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Congress launches hearings on new water infrastructure legislation

Congress Wednesday kicked off hearings for a new water infrastructure bill that will dictate the policies and national water projects that will see funding over the next several years.

Most of the projects will include state and local governments partnering with the U.S. Army Corps of Engineers’ Civil Works Program, which is about to see the largest influx of funding in its history.

The hearings in both the House and the Senate began the months-long process of writing the Water Resources Development Act, a traditionally biennial process that funds the Army Corps of Engineer’s civil works projects ranging from ports to harbors, flood zones ecosystem restoration.

The program works with federal agencies, state and local agencies and others on the construction, maintenance and study of water-related infrastructure projects and recovery from natural disasters. It uses most of its appropriations for specific studies and projects authorized by Congress.

“It’s a big day for WRDA on Capitol Hill,” Sen. Tom Carper, chair of the Committee on Environment and Public Works.

The Army Corps is on track to see between $80 billion to $100 billion to spend over the next five years, according to Carper. That includes $17.1 billion provided to the Corps in the Infrastructure Investment and Jobs Act, and the Biden administration’s largest-ever FY22 budget allocation for the civil works program.

The funding will help offset an estimated $100 billion backlog of projects that have already been authorized but not yet completed, Carper said. “It doesn’t wipe out the backlog but it’s a great step in that direction,” he said.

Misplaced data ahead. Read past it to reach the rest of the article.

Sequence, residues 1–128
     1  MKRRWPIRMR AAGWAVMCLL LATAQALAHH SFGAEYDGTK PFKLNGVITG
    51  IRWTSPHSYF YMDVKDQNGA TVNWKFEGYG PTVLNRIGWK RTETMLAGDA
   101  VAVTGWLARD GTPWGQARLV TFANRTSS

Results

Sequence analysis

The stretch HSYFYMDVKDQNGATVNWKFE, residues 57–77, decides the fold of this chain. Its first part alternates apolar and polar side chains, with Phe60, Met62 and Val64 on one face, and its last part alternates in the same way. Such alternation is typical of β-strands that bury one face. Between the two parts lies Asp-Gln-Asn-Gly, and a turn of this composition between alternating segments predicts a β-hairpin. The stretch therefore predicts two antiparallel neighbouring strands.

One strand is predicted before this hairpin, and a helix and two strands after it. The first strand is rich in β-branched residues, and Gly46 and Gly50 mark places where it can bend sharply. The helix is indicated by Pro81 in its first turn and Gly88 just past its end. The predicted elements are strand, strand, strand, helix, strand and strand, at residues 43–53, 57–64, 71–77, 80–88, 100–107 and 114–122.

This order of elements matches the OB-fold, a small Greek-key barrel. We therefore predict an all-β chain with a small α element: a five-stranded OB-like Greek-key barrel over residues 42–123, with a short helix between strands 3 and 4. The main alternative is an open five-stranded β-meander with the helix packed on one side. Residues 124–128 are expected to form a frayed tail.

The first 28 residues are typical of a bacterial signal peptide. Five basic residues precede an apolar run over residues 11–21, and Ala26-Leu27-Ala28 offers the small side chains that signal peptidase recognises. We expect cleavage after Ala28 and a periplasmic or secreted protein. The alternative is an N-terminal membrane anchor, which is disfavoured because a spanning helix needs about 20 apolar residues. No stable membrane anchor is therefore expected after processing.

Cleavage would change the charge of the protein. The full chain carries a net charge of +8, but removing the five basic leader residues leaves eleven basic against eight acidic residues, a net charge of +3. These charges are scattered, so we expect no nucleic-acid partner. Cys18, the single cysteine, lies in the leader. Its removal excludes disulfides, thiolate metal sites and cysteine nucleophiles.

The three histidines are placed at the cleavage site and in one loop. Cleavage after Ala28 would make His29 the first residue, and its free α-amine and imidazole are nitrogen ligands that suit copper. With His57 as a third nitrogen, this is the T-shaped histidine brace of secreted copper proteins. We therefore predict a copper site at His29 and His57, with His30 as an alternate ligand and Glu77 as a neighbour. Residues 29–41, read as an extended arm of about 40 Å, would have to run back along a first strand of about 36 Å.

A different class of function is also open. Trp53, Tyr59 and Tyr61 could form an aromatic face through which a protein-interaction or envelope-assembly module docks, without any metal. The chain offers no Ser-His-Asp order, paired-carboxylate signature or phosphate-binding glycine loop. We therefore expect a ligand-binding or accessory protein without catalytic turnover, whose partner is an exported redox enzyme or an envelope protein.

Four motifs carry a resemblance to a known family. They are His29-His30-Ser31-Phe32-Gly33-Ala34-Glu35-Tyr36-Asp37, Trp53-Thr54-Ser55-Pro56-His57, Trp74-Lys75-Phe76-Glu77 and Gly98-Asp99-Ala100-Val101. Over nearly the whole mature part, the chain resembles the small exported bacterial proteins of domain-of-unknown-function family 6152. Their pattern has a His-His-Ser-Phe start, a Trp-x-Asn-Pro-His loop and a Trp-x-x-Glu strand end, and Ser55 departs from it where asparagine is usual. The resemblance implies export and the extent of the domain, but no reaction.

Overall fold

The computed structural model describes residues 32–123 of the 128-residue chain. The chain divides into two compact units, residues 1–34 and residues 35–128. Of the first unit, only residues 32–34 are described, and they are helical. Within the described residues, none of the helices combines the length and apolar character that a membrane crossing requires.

The $17.1 billion allocated to the U.S. Army Corps of Engineers in the Bipartisan Infrastructure Law is a badly needed boost, said Rep. Peter DeFazio. “The Corps has been pathetically underfunded for decades,” the Oregon Democrat said during a Jan. 12 hearing on a 2022 Water Resources Development Act. Photographer: Olivier Douliery/Bloomberg

Olivier Douliery/Bloomberg

“The Corps has been pathetically underfunded for decades,” said Rep. Peter DeFazio, chair of the House Committee on Transportation and Infrastructure, which also held a WRDA hearing Wednesday. DeFazio noted that the country’s infrastructure has earned a grade of C- from the American Society of Civil Engineers. “We can do better than that, and there’s a lot of promise now” in light of the $17.1 billion in the IIJA, said the Oregon Democrat.

The Biden administration’s priorities for water infrastructure projects include enhancing resilience to protect against climate change, boosting environmental justice, and funding historically underserved communities, Michael Connor, the Assistant Secretary of the Army for Civil Works, told lawmakers.

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